To calculate statutory damages under the Lanham Act, many district courts turn to the analysis developed for a similar provision within the Copyright Act. Sara Lee Corp v Bags of New York, Inc, 36 F Supp 2d 161, 167 (SD New York 1999); Louis Vuitton v Veit, 211 F Supp 2d 567, 583 (ED Pennsylvania 2002);Tommy Hilfiger v Goody's, 2003 US Dist LEXIS 8788, 74 (ND Georgia 2003); Phillip Morris USA, Inc v Shalabi, 352 F Supp 2d 1067, 1076 (CD Cal 2004). Under the Copyright Act, the court has wide discretion in calculating statutory damages, "constrained only by the specified maxima and minima." Harris v Emus Records Corp, 734 F2d 1329, 1335 (9th Cir 1984) (citing LA Westermann Co v Dispatch Printing Co, 249 US 100, 39 (1919)). Plaintiff may recover statutory damages without offering evidence of plaintiff's actual damages or the defendants' profits because of the dual "compensatory and punitive purposes" of statutory damages. Los Angeles News Service v Reuters Television Int'l Ltd, 149 F3d 987, 996 (9th Cir 1998). Furthermore, "[t]he Supreme Court has stated that even for uninjurious and unprofitable invasions of copyright the court may, if it deems it just, impose a liability within the statutory limits to sanction and vindicate the statutory policy of discouraging infringement." Peer Int'l Corp v Pausa Records Inc, 909 F2d 1332, 1337 (9th Cir 1990) (quoting FW Woolworth Co v Contemporary Art, Inc, 344 US 228, 232 (1952)) (internal quotation marks omitted).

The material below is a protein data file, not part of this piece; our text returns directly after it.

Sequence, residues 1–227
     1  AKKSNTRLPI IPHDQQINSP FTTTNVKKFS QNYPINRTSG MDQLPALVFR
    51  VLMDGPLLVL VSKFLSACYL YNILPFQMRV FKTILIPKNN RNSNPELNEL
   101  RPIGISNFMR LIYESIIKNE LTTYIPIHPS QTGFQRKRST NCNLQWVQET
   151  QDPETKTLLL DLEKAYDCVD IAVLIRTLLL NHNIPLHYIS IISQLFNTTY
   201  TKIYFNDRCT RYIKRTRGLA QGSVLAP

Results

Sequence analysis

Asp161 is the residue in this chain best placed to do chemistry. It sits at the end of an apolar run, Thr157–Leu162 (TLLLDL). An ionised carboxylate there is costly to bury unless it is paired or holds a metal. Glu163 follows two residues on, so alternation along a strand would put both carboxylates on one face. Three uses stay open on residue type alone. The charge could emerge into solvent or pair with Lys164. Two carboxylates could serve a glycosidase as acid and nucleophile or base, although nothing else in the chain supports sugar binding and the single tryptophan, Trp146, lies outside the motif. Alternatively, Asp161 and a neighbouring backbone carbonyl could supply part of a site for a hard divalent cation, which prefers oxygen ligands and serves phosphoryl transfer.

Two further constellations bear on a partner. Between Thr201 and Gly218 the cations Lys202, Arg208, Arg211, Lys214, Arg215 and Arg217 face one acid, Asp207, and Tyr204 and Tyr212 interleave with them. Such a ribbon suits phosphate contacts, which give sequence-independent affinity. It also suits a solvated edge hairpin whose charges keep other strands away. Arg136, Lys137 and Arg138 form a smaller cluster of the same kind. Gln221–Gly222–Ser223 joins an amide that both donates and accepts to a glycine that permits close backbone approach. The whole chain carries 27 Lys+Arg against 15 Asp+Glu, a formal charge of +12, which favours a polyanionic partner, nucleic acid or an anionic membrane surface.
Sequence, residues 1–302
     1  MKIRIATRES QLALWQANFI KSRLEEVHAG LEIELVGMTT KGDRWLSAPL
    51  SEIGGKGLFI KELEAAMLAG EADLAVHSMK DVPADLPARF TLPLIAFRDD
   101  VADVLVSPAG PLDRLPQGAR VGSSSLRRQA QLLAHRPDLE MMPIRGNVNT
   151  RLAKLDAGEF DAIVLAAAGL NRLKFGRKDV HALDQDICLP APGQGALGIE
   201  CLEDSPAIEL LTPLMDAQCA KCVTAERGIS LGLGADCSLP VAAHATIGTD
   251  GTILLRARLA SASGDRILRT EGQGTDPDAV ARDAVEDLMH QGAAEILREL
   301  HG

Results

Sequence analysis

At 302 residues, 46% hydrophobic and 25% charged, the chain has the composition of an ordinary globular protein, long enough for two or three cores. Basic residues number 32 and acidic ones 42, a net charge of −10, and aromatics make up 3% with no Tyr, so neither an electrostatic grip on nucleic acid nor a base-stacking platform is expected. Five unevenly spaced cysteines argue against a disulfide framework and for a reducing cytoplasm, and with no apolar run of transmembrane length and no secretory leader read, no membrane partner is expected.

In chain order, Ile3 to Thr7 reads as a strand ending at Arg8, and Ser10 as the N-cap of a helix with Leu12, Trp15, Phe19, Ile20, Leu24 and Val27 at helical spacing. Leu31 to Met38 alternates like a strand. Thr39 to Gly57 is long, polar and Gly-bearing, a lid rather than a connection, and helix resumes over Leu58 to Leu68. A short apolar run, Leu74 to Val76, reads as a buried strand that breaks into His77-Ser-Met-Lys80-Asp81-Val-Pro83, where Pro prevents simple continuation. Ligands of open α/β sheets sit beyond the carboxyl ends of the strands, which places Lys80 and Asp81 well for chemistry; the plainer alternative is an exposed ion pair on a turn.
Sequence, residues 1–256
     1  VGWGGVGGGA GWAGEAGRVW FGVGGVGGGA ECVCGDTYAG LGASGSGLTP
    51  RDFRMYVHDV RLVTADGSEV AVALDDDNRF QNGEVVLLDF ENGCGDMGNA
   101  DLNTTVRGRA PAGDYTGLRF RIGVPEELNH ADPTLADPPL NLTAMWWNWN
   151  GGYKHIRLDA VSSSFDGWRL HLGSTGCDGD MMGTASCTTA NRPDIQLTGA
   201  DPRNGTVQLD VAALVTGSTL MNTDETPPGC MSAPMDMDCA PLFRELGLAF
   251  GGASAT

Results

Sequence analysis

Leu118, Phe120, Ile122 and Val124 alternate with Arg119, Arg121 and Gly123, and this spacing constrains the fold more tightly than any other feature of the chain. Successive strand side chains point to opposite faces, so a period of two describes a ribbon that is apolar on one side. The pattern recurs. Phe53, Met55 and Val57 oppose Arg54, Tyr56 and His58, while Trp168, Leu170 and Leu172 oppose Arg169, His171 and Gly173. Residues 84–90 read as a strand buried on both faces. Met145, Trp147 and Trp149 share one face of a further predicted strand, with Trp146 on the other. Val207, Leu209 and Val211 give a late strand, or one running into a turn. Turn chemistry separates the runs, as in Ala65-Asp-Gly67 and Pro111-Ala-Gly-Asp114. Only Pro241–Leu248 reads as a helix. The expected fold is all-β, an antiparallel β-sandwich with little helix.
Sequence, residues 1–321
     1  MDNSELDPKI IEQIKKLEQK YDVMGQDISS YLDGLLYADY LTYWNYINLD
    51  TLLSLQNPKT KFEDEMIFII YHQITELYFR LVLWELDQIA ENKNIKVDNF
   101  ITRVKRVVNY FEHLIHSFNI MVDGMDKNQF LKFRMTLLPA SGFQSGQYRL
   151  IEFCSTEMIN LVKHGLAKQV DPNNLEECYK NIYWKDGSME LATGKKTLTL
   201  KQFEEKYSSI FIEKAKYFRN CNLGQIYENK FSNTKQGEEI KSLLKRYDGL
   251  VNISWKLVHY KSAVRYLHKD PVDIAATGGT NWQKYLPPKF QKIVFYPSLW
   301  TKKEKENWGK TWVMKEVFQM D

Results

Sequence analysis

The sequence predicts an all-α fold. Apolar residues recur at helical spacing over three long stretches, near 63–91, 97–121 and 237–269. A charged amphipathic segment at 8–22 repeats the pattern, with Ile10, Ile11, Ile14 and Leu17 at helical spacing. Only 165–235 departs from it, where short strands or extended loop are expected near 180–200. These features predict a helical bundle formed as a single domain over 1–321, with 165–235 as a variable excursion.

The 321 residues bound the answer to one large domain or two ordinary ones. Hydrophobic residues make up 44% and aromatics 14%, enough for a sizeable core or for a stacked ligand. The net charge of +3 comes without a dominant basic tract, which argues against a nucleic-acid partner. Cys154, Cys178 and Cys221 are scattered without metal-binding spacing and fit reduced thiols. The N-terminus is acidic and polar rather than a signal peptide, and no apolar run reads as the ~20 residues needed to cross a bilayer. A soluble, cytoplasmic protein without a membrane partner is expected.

Although the statutory damages need not reflect the defendants' unlawfully obtained profits, some district courts use § 1117(b) as a guide for setting damages under § 1117(c). Sara Lee, 36 F Supp 2d at 170; Louis Vuitton, 211 F Supp 2d at 583. In doing so, courts both counteract the profitability of counterfeiting and execute the punitive purposes of the statute. Los Angeles News Service, 149 F 3d at 996; Louis Vuitton, 211 F Supp 2d at 583.

The lack of discovery in this case leaves a paucity of data concerning the extent of defendants' profits. Plaintiff contends that it is reasonable to assume that defendants earned as much as $42,567 in the time between registering their domain name and receiving plaintiff's complaint. Doc #15 ¶ III(c). Unfortunately, plaintiff fails to demonstrate how it reached this number other than offering a blanket reference to the data contained in the exhibits and declarations.